Hundreds of thousands of Web sites show ads provided by Google, such as those little text ads that offer you everything from diets to dog training. Now Google has announced plans to track your clicks across all these sites, and then serve up ads personalized to your tastes. Visit a bunch of electronics-related sites, say, and the next site you view may show you an ad for the latest must-have gadget, even if you're now reading about ways to reduce stress through yogic meditations.
As Big Brother as it sounds, this is actually something that many advertising companies already do. But don't worry: There's a way to stop Google--and all the others--from prying.
First, Google has offered up several ways to change and reduce the info it stores about you. Using its new Ads Preferences Manager, you can delete any of the interests that Google believes you have, such as Entertainment or Travel. You can even add interests, if you happen to like personalized advertising.
If you don't want Google to store any information at all, you can click "Opt Out" on their Preferences page. That gets rid of the "cookie," or little ID code saved in your browser, that Google uses to recognize you when you visit one of its advertising partners. (More info on Google's tracking method here.) (Funnily enough, opting out assigns you a different cookie instead, one that lets Google remember your browser as one it can't collect info about.)
Although it isn't well-publicized, many other Internet advertisers offer a way to opt out of their programs, too. Free yourself from dozens at once at Network Advertising Initiative, whose site shows you which ad networks are currently tracking you and lets you opt out of all of them with a click.
I'm personally a huge fan of NoScript for Firefox. I'm always shocked at the amount of little ad clicks that seem to pop-up whenever I go to a site for the first time. Everyone is using Google-Analytics.
You can always surf quietly using site servers in Nevis and other places but that's a drag.
Also don't forget to clear the Flash cookies. Those tend to be annoying as well.
Privacy is key...
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OK. I just opted out of everything from both Google and the Network Advertising Initiative and it doesn't seem to have any effect.
I am running Firefox 3.07 with the AdBlock Plus add-on so I basically don't really see any ads on any websites (including in-site banner ad's like the one POPSCI has at the top of the page).
However, I also have an add-on called Ghostery 1.3.9 which notifies you about the invisible web elements on the pages you visit. (The app tells me that POPSCI is running Quantcast and Omniture - but not what they are or what they do).
It also shows that even after the opt-out that most pages still use the things that I have opted out for such as Advertising.com.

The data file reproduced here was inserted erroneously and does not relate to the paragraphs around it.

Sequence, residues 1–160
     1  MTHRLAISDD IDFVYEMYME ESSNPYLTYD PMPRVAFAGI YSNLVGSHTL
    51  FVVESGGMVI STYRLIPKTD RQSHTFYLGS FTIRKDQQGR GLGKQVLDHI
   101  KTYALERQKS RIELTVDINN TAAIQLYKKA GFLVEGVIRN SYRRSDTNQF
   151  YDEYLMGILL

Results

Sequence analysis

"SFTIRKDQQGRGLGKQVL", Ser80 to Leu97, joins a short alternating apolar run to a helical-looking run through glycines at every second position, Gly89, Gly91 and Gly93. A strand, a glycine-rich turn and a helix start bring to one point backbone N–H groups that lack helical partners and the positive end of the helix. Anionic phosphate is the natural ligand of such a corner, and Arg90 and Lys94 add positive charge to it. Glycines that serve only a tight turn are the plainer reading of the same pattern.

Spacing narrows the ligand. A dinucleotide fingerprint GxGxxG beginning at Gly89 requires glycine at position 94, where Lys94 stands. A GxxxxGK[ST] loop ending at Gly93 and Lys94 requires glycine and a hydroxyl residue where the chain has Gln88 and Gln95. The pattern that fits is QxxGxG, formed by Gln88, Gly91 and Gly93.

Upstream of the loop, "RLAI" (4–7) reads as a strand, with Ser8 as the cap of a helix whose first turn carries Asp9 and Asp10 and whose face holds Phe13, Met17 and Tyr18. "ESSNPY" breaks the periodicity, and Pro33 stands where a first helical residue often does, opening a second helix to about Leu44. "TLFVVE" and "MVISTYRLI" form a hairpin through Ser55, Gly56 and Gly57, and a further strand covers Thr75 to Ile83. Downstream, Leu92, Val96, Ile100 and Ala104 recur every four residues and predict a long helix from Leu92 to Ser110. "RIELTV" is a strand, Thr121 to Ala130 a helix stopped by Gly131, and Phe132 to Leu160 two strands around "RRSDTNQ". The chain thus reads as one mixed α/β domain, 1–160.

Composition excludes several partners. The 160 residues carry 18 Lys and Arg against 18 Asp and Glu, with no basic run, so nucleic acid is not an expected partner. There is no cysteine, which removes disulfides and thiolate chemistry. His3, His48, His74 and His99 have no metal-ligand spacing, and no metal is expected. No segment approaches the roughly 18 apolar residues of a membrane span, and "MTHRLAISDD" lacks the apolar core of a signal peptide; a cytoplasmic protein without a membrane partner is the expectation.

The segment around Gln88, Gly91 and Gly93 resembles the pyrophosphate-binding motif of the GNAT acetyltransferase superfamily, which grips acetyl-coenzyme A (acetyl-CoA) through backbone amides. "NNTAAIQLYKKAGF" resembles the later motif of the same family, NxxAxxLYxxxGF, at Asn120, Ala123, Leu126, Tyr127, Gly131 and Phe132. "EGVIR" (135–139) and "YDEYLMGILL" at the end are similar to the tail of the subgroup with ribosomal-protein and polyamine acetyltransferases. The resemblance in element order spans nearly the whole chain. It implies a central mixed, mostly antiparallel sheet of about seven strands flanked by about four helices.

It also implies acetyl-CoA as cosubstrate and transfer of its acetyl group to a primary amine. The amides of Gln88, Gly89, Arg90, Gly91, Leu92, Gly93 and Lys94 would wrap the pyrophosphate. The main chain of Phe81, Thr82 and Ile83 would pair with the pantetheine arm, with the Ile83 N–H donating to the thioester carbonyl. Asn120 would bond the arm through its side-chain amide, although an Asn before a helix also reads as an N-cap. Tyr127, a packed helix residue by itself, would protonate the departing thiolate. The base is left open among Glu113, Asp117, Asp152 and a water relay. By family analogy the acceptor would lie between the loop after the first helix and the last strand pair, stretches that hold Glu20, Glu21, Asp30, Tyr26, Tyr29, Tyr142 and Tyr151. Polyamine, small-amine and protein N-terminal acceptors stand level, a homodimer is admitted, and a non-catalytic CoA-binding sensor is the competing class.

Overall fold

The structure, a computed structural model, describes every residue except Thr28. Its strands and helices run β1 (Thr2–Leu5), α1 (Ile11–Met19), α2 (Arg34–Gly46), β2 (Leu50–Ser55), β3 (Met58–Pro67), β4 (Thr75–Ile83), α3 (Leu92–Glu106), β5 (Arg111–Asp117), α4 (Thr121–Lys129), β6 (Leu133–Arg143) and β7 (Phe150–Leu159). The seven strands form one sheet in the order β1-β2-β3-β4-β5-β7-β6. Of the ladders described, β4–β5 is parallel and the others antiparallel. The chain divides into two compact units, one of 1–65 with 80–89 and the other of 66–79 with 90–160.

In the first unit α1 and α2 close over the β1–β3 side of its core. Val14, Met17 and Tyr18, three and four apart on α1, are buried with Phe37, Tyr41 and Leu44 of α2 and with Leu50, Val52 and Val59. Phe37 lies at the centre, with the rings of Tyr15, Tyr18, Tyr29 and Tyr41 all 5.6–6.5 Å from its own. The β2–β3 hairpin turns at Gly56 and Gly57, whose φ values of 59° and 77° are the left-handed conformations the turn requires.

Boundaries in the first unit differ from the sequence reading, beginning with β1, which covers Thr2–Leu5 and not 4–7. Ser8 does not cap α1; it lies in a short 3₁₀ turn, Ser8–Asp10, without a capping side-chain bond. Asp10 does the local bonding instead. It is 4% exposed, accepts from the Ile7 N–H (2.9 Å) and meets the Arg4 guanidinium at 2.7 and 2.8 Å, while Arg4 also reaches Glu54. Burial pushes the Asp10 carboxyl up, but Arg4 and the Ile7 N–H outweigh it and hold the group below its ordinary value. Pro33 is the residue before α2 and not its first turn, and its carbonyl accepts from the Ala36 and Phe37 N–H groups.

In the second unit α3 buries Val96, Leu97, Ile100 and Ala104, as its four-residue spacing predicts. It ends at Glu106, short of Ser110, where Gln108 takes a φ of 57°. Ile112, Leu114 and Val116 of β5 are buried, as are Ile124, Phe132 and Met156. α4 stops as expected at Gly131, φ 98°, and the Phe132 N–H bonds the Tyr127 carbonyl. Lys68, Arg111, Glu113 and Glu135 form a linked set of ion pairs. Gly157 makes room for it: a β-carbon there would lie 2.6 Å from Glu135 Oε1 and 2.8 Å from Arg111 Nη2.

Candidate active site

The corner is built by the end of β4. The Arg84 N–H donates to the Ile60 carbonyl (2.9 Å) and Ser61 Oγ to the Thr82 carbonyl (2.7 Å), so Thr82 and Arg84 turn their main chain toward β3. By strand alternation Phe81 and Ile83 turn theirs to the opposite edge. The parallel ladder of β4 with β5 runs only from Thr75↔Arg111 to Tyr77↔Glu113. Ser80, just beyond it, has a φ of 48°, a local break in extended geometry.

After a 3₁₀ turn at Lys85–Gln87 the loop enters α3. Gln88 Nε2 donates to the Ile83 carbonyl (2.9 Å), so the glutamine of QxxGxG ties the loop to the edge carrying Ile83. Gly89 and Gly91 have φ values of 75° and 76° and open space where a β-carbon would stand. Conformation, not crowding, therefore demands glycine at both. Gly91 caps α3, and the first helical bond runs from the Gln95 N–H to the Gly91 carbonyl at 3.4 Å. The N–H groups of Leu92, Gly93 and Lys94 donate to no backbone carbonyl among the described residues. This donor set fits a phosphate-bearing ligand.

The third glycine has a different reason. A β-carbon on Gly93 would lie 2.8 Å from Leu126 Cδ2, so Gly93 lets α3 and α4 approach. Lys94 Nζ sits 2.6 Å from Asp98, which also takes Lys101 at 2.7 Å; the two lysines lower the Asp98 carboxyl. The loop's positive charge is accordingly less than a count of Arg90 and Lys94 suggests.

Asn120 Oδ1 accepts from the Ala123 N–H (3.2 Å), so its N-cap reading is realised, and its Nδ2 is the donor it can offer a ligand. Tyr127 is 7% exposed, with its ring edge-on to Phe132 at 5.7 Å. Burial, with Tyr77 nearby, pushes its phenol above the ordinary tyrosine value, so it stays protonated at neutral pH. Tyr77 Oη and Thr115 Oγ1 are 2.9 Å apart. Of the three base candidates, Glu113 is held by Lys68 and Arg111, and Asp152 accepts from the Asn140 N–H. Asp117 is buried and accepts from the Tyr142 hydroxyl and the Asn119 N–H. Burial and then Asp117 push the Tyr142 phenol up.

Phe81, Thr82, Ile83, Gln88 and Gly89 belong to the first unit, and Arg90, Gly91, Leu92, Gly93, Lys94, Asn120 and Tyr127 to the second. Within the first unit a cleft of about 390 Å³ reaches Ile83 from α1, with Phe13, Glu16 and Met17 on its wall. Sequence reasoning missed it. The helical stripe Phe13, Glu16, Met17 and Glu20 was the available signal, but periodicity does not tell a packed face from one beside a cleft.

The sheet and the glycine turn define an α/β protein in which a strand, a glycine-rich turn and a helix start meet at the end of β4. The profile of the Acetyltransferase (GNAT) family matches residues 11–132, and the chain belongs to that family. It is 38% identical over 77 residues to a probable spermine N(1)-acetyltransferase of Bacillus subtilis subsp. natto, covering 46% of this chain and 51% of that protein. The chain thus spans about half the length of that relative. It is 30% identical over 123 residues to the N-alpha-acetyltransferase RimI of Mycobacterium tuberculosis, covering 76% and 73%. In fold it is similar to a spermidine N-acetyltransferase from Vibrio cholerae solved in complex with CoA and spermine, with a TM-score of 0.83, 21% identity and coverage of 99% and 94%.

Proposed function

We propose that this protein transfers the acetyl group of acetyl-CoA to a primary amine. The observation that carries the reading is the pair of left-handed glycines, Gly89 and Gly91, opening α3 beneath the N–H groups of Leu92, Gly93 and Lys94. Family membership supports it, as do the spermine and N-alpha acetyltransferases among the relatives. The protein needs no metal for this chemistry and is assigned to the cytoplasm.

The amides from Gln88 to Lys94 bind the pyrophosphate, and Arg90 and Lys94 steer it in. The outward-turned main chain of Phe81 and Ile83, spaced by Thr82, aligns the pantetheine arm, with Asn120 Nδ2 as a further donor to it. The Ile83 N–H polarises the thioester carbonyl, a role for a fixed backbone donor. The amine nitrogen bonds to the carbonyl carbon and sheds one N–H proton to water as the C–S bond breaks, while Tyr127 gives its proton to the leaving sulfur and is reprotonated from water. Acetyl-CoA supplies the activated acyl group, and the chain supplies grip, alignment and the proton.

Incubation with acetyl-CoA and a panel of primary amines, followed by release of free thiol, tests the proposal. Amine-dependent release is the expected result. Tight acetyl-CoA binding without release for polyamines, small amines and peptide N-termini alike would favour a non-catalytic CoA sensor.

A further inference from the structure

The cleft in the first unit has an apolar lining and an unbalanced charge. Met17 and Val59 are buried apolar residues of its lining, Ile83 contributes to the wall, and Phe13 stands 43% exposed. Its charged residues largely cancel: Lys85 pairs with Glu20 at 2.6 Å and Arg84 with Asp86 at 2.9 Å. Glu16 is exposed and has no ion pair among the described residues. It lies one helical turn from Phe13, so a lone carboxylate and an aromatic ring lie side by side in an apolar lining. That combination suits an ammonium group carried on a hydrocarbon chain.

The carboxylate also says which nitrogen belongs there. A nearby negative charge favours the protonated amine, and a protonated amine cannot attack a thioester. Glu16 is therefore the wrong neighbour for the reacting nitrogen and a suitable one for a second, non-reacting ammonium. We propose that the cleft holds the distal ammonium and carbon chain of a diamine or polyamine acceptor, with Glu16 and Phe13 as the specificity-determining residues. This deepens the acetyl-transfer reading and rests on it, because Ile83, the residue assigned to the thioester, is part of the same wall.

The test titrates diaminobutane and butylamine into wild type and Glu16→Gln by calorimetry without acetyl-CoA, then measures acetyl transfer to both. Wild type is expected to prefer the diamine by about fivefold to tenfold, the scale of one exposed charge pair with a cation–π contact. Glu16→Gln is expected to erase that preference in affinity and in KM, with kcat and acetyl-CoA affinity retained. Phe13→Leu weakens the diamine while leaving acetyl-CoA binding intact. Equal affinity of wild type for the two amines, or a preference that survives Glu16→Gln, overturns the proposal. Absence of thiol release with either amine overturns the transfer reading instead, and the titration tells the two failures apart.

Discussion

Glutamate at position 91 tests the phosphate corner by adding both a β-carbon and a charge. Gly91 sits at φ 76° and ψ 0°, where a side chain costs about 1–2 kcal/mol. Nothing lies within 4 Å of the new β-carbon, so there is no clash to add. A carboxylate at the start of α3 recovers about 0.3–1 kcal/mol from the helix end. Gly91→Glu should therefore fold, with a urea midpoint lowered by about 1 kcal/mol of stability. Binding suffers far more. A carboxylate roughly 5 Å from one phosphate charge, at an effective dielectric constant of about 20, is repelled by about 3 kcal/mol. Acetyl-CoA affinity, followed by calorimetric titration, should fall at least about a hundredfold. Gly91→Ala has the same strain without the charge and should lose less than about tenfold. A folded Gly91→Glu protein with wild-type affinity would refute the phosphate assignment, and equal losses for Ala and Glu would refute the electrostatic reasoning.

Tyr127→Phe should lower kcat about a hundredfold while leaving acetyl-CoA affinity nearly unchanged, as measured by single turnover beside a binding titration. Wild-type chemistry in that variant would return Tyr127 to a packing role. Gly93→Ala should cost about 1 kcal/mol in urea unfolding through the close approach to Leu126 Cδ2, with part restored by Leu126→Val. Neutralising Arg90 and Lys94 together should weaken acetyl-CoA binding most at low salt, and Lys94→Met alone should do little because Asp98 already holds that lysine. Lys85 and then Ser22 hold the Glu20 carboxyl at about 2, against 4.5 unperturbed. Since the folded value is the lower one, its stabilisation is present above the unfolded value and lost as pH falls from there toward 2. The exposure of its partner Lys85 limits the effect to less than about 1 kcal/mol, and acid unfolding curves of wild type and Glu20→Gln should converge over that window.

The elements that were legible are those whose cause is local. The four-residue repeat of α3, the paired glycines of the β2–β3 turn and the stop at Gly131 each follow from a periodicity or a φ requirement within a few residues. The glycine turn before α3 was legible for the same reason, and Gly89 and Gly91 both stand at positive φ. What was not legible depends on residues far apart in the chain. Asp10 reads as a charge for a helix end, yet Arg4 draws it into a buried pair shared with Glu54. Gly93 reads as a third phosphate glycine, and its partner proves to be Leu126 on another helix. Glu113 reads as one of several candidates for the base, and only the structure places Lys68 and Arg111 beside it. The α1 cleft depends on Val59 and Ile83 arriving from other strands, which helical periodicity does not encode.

Thanks for this posting, it was extremely informative. I find this new trend towards customized advertising a bit invasive and creepy. bdhoro87, I think you may have misunderstood what opting out does. You won't see a difference in what appears on the sites or what tracking software they have in place (that's built into the sites), but they won't be able to save any info about you. That's the real benefit of opting out.
re origin of word "google" see Oxford Universal Dictionary, Second Edition, 1955, p.813
pre-existing dictionary word, trademark applies only to the artwork
That seems an interesting way to block all providers, if it works.
I like Scroogle myself, and that exclusively blocks all Google tracking data. I'm not endorsing it, but basically it is Google without the tracking and without the fluff (no adword responses to searches..)
Plus, some of the digs that they take against Googele are pretty funny, and others are way over the top.
You can find Scroogle
or you can just do a Google search, if you want Google to know that you will not be using their services anymore :)
I have never seen what the big fuss is about these interest based type ads the keep coming up. What is the big deal if they knew you were at ESPN, or shopping on Amazon before this. If people have that big of a problem with it, then they can just opt-out like this article said. This really isn't like Big Brother at all since you don't have to participate. This will just create better ads, therefore generating more advertising revenue for companies like Google, which will then can use the extra revenue to improve the content and site. Maybe I am the only one that thinks like this haha. Anyway I found this video which provides some more good information about AdSense.
I don't like having to Opt out. I want to have to opt in!
Okay, I actually registered at this site to reply to this ( something i dont normally do ) --
@bdhoro87 -- You are doing everything right, ghostery is an awesome firefox extension, however its still going to show all the secret "web bugs" on a site, regardless of if you opt-out or whatever. Now then using Ghostery in combination with NoScript is completely Awesome! Use ghostery as a way to see what scripts are running "behind the scenes" and then use NoScript and add them as "untrusted". Even if you do that, when you go to the page you are still going to see the "webbugs" pop up in ghostery.
Also, another way you can help keep google , etc from tracking you is to edit your "hosts" file in windows. You would set up a loop back ip for the url you want to block in your host file.
okay, I hope that helps ..
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